Common Blue Damseflies, River Nene, Northants.

Cardinal Beetle, Irthlingborough Lakes and Meadows, Northants.

Mayfly, Irthlingborough Lakes and Meadows, Northants.

Longhorn Beetle (Rhagium Mordax), Irthlingborough Lakes and Meadows, Northants.

Slightly tatty Holly Blue, Irthlingborough Lakes and Meadows, Northants.

By now the sun was starting to shine and the Holly Blue had whetted my appetite to see some more butterflies so I headed over to Salcey Forest in search of the Wood White. I had been here a week or so ago and only searched the south side without success so this time I tried the north and headed from the car park to the Piddington side of the forest. The crossroads here seems to be an absolute haven for butterflies in the forest, plenty of flowers in the summer coupled with the 4 pathways leading in off (which means whatever way the wind blows the butterflies can find shelter) and it is wide enough to get a substantial amount of sunshine almost all day. Once again the area didn't disappoint as a couple of Wood Whites fluttered passed on the gentle breeze as I approached from the south and when I reached the crossroads several Whites could be seen. They look so delicate that one wonders how they cope flying against any breeze at all but in fact they are quite strong flyers and a few times one would leave it's flower to whiz up to meet another before performing an amazing spiral "dance" in the air. The sun had got quite strong now and as it had been cloudy all day this had certainly woken them up. Unfortunately it had woken them a little too much and trying to get one settling so I could photograph it was becoming very difficult but I persisted and eventually succeeded.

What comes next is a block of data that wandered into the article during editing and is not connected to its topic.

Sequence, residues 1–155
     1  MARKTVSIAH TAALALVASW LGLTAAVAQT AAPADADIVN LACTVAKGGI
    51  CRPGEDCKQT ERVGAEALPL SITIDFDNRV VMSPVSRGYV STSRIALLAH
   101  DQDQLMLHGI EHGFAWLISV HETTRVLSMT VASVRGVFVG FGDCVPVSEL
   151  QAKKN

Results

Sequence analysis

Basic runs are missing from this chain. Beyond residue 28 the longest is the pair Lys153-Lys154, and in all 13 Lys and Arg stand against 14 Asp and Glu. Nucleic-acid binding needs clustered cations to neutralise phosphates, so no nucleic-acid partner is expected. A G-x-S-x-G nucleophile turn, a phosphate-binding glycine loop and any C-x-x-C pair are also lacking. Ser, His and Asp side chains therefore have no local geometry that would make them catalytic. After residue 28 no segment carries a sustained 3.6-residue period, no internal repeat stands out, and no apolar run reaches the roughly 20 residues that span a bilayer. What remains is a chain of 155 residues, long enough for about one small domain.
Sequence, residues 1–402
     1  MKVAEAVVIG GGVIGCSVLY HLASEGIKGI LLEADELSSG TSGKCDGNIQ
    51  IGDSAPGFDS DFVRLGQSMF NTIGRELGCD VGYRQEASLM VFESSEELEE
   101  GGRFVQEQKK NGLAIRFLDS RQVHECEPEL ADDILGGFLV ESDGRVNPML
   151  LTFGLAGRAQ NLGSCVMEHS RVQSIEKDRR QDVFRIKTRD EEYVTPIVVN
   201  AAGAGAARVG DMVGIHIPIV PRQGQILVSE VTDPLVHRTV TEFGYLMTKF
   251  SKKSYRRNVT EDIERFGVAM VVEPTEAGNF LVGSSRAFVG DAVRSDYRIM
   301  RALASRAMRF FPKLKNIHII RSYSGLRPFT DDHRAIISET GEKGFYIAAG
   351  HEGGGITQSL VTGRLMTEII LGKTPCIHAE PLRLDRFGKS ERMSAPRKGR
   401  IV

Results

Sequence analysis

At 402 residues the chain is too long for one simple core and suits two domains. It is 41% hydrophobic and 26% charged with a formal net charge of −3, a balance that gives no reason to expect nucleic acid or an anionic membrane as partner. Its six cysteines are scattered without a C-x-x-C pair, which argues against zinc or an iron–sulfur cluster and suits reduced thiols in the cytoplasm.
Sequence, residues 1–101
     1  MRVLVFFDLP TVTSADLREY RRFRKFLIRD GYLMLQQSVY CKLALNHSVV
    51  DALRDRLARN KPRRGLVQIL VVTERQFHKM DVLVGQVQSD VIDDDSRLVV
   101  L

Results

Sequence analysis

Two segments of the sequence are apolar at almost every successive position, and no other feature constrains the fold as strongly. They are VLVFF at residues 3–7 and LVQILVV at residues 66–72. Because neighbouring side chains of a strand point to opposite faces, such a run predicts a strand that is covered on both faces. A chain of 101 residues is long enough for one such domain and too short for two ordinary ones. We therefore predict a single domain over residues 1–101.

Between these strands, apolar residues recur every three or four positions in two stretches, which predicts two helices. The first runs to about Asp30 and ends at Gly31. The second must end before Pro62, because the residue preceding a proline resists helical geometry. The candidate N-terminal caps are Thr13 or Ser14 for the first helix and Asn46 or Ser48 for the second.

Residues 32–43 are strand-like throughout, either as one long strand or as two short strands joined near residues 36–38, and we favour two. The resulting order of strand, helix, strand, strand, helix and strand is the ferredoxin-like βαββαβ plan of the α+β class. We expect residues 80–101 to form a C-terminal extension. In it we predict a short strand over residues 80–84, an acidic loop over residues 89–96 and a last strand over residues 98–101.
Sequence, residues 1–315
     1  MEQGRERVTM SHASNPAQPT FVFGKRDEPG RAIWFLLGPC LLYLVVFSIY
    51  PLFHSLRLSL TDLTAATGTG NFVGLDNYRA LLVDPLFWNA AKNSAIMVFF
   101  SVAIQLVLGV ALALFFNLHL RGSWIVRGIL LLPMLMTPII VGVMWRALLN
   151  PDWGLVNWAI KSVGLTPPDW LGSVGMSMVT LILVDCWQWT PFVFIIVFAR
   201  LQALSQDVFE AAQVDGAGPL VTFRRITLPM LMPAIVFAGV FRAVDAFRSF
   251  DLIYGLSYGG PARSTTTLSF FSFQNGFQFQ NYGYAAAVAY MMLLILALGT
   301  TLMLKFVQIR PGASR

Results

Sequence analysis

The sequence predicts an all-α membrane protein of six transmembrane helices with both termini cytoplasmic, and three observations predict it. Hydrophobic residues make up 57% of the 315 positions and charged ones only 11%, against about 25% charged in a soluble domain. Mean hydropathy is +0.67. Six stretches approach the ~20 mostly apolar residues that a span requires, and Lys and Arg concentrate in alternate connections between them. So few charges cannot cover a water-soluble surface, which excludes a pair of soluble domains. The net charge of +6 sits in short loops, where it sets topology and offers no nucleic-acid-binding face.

Wood White, Salcey Forest, Northants.

Wood White, Salcey Forest, Northants.

From here I called it a day and took a slow stroll back to the car. The sun was coming down and it was getting late. I find it amazing how all the birds come out and start singing almost instantly after the crowds of people go home. All in all it had been quite a nice day!


  1. Interesting observation about Hobbies David, I just don't think there's that many in the area this summer, I've seen a total of 5 at 3 different sites at that is very poor in my opinion.

  2. I completely agree, I think they are in short supply this year. I have seen them regularly at Whiston Lock and Thrapston Gravel Pits seems to be a favourite place for them this year. Whether these birds are passage birds stopping for a snack though I have no idea as the only breeding evidence I have found this year was at the place that will remain nameless where I met you last weekend.